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What is Freytag's Pyramid?

Updated: May 29, 2023

When we talk about the structure of novels, there are none, in my opinion, more important than Freytag's Pyramid. Freytag's Pyramid was created by 19th century German playwright Gustav Freytag, and it is a model of dramatic structure. There are other structures, but these are the main ones:

1. Freytag’s Pyramid

2. Dan Harmon’s Story Circle

3. Three-Act Structure

4. Save the Cat Beat Sheet

5. In Medias Res

6. Joseph Campbell’s The Hero’s Journey

7. Seven-Point Story Structure

8. John Gardner’s Fichtean Curve

Today we're going to focus on Freytag's Pyramid. Over the next few posts we'll dive deeper into all of the remaining seven. So, let's get started.

Freytag’s Pyramid Contains 7 elements:

  1. Exposition - Characters, Setting, Background Information, Tone

  2. The Inciting Incident - The first instance of conflict that gets our hero moving

  3. Rising Action - The stakes rise. Hurdles are thrown at our hero that our hero must overcome. New characters may arise

  4. Climax - The moment of greatest tension in our plot between our hero and their opposition. It’s the turning point before the falling action

  5. Falling Action - Our hero’s conflict with the opposition is wrapping up, and slowly, leading to the resolution

  6. Resolution - Conflict ends, and we come to know whether our hero achieves what they set out to achieve, or if they haven’t

  7. Dénouement – The tying up of loose ends

So let's begin with Exposition:

Exposition is where you introduce the reader to the world they’re stepping into. It’s where you introduce your hero, the setting in which your story takes place, what they want (meaning their goal), and, ideally, what’s stopping them from reaching their goal.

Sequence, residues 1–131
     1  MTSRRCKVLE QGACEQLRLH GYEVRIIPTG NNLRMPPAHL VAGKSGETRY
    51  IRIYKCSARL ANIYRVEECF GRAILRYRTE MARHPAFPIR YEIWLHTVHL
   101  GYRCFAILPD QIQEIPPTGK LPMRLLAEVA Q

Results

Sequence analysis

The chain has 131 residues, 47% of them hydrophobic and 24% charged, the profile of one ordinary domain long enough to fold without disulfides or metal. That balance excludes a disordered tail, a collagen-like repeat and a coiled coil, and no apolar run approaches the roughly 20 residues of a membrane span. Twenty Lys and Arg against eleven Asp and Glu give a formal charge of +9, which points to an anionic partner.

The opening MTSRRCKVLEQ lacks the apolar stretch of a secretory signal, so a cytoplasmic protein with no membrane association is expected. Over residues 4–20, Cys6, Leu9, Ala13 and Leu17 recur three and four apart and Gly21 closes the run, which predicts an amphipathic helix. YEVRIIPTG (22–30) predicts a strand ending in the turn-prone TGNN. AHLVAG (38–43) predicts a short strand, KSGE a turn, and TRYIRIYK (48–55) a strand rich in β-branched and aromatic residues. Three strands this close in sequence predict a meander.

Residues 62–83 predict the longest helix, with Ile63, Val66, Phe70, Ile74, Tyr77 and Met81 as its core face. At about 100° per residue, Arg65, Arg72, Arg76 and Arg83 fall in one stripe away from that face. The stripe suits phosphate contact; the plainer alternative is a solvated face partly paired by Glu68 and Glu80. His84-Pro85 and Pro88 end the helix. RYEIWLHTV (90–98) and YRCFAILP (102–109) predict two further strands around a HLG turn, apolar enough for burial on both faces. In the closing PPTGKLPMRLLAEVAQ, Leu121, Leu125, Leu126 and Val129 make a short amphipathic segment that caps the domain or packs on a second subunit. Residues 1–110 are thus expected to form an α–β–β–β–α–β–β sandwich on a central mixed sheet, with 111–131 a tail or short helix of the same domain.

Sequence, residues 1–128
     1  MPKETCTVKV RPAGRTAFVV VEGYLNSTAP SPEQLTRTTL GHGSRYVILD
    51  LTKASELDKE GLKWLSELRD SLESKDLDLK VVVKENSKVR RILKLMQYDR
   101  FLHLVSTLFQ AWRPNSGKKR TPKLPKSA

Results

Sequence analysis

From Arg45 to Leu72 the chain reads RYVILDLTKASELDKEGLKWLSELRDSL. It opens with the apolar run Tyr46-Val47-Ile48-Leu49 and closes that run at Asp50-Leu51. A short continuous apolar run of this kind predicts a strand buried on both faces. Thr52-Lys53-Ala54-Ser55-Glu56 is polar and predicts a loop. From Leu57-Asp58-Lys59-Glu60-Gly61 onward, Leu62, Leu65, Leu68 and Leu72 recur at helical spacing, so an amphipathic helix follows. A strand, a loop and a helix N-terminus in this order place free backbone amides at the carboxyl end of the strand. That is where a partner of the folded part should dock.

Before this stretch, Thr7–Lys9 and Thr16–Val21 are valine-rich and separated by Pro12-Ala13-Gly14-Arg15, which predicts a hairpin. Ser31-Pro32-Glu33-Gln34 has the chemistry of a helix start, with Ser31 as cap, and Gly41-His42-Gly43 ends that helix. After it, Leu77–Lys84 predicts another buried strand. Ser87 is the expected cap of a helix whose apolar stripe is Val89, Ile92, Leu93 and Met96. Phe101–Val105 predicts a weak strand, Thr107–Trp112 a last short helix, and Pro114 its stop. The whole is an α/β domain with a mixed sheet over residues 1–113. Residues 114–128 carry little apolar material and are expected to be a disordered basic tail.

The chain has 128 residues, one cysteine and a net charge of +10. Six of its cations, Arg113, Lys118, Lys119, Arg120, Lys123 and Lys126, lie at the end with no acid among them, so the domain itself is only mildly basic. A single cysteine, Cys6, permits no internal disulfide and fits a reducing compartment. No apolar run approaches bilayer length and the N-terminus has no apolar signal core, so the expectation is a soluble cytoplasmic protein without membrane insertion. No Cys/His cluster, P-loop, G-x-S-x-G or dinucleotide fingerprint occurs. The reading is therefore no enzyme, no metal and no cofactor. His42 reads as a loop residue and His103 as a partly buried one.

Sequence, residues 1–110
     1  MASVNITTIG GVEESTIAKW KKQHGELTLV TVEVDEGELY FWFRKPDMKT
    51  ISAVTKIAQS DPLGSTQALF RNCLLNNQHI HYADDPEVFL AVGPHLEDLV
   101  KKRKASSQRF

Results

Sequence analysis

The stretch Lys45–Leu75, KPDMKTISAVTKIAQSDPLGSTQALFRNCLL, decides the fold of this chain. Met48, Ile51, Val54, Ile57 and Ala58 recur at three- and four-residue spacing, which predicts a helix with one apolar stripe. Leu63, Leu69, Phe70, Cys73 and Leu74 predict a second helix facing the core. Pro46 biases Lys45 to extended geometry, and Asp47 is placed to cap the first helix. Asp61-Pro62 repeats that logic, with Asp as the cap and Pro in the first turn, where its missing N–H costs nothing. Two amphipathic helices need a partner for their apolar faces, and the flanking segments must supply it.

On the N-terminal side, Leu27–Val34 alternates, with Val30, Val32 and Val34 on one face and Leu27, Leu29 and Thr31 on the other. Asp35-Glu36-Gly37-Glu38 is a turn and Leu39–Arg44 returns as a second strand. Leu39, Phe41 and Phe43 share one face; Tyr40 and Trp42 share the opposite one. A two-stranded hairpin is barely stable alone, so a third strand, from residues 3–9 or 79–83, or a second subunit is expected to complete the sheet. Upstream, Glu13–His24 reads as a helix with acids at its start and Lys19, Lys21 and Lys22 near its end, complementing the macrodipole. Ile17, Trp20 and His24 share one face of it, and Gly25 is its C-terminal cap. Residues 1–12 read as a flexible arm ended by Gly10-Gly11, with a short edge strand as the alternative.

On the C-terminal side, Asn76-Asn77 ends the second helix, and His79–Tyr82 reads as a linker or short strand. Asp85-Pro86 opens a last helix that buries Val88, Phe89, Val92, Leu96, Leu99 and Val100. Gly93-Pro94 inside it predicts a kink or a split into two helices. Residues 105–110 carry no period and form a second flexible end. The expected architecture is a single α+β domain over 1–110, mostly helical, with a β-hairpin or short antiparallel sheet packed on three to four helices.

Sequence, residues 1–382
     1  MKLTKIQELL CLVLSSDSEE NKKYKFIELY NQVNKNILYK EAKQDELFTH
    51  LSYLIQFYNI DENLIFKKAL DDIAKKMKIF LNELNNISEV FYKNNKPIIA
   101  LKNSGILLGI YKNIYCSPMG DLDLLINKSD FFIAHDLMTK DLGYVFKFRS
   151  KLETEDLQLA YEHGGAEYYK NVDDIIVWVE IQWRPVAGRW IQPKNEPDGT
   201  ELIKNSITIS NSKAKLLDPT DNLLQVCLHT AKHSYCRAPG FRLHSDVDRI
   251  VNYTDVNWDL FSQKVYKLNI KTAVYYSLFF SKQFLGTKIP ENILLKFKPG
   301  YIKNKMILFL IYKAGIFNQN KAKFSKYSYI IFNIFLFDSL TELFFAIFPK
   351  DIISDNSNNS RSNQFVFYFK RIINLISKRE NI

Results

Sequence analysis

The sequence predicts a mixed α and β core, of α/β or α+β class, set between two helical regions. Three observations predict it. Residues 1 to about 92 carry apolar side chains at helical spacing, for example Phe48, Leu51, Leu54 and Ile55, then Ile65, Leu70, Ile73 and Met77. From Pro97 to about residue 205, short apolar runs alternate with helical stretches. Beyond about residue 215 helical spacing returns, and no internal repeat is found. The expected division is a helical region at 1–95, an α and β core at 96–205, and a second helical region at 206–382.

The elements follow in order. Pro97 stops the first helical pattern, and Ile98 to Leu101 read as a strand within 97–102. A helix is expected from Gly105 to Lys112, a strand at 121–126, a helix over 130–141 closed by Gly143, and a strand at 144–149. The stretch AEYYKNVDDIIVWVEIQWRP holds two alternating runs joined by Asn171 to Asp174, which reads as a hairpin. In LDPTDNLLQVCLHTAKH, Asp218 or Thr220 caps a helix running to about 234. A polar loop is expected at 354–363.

An example of exposition in a first chapter that accomplishes much is John Kennedy Toole’s “A Confederacy of Dunces”: A green hunting cap squeezed the top of the fleshy balloon of a head. The green earflaps, full of large ears and uncut hair and the fine bristles that grew in the ears themselves, stuck out on either side like turn signals indicating two directions at once. Full, pursed lips protruded beneath the bushy black moustache and, at their corners, sank into little folds filled with disapproval and potato chip crumbs. In the shadow under the green visor of the cap Ignatius J. Reilly’s supercilious blue and yellow eyes looked down upon the other people waiting under the clock at the D.H. Holmes department store, studying the crowd of people for signs of bad taste in dress."

In these first lines we get to know the protagonist, Ignatius J. Reilly, as well as what he looks like and the type of character he might be, his thoughts about money and perhaps class, and the setting. We want to keep reading because of how interesting and distinct of a hero Ignatius is, as well as why he thinks the way he does.

The Inciting Incident

The Inciting Incident is what sets the journey or story in motion. It’s the catalyst for what’s to come for our hero, and it will (ideally) lead to a change in the character and become part of her arc. It’s a beat in the narrative that upsets our hero’s status quo, but one that promises the potential for the hero to achieve her goal, or for her to get what she wants. It’s your job as the author to show what the inciting incident is, and then to show the hero’s struggle to either resist the call to action, or accept it (hint, they need to accept it for us to have a story). There will be struggles our hero will have to face. There will be consequences to the hurdles they overcome. The stakes will get higher. The hero’s want or goal will be either external or internal.